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Greek clubs playing with fire

"Twelve years, 24 coaches."

Rarely has such a clear, concise and powerful observation been made about Greek football's managerial merry-go-round, which routinely chews, spits out and sucks the life from talented young coaches and even battle-hardened veterans of the dug-out.

The quote came from Alberto Malesani, former manager of Panathinaikos, who uttered the line during an infamous rant in which he attacked journalists and fans who had been critical of his work at the club that season. He was sacked before it ended.

Granted, the juicy detail about the post-match press conference was his generous use of the Italian swearword cazzo - apparently employed 21 times - but the style of his delivery shouldn't detract from the essence of his argument: that too often, managers are made scapegoats by fans, journalists and owners (though he was defending his employer at the time).

It isn't an uncommon trait in the global game these days, but the volatility of Greece's coaching environment is incredible.

Since Malesani's departure, Panathinaikos have been through seven managers in four years, sacking Dutchman Henk ten Cate after he laid the foundations for their first league and cup double last year, with Nikos Nioplias taking over and finishing the job that the former Barcelona assistant had started.

Nioplias took the job after doing some outstanding work with Greece's youth teams but was soon overawed and incredibly left by "mutual consent" this November. Not exactly the step forward his promising career needed.

AEK Athens have, meanwhile, been under the care of eight different managers over the past six years, and haven't won the league since 1994, or the Greek Cup since 2002. PAOK - who have ironically been a model of stability under chairman and Euro 2004 winner Theodoros Zagorakis - have appointed three managers this season already. They did the same during the 1998-99, 1999-2000, 2004-05, 2005-06 and 2006-07 campaigns.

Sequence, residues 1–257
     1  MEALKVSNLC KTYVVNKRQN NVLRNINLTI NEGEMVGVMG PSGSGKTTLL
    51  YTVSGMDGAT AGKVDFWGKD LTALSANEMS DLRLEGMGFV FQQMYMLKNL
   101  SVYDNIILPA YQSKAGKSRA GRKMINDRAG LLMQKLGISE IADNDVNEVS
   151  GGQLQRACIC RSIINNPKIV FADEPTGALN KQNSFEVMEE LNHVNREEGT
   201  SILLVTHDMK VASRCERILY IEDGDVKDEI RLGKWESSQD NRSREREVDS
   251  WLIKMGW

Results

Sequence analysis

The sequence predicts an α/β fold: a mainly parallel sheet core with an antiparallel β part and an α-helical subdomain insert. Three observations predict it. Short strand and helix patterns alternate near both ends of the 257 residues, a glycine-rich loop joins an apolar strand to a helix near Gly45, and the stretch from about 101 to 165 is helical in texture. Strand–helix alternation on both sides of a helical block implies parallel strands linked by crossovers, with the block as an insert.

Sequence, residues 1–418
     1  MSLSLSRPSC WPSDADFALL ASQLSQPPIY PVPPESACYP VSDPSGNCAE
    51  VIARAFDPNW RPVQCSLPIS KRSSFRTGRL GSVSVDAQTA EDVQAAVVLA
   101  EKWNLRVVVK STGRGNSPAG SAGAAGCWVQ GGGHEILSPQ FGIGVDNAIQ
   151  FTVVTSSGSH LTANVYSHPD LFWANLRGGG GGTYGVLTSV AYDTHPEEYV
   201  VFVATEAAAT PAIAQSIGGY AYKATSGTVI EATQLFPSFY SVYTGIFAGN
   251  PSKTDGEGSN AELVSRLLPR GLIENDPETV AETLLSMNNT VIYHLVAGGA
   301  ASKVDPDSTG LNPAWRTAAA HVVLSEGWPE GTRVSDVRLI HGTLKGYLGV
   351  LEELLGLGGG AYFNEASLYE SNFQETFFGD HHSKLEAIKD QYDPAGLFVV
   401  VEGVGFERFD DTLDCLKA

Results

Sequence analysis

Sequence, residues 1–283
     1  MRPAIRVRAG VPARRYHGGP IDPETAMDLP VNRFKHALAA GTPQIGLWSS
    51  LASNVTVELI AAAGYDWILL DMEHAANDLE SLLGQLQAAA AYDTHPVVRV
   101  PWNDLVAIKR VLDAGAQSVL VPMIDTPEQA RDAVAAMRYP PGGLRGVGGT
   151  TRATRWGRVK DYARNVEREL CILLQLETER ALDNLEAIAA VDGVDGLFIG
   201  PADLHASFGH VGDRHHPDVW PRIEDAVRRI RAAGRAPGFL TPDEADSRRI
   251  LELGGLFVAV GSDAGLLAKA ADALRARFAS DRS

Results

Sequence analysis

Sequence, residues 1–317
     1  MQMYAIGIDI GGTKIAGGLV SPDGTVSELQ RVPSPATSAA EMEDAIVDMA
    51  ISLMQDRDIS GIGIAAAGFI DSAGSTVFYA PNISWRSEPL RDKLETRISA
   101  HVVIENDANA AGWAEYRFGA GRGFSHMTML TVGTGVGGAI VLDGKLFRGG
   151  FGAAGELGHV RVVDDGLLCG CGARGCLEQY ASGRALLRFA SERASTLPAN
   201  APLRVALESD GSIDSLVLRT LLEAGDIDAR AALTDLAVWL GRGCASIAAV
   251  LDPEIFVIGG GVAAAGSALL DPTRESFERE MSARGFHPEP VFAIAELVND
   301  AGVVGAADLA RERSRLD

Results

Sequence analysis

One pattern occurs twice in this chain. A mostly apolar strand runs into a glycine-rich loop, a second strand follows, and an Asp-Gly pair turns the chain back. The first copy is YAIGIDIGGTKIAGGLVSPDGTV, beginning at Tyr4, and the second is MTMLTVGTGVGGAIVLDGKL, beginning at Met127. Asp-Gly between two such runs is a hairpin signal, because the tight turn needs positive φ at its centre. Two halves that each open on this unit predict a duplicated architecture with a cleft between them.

Undoubtedly the dominant force of Greek football over the past 15 years, Olympiakos should logically present the blueprint for stability and success, but they have changed coach nine times over the past two years, with Ernesto Valverde back this season at the club, having led them to the league and couple double during the 2008-09 season.

Five managers - legendary Brazilian Zico among them - tried and failed to succeed him as bitter rivals Panathinaikos secured a historic double; trigger-happy owner Sokratis Kokkalis paying the price for failing to meet Valverde's financial demands when the time came for a contract renewal (no pun intended).

Outside Greece's biggest clubs, things aren't too much better, with the likes of Panionios, Xanthi and Larissa all having changed hands this season - you wouldn't bet on them going through the rest of the season without doing so again.

The question, then, is how this sacking culture developed.

A ridiculous scale of media coverage, with each of the top clubs having entire sports newspapers dedicated to them and any number of prominent websites and outlets to choose from, means intense scrutiny inevitably follows even the slightest hiccup.

Depending on the pedigree of the club, style is just as important as results, with a number of managers having been shown the door after failing to impose an aesthetically pleasing brand of football quickly enough to appease onlookers.

Often these are the coaches who haven't even had a chance to familiarise themselves with their surroundings, leaving after a matter of months, only to be replaced by a manager who has previous spells at the club.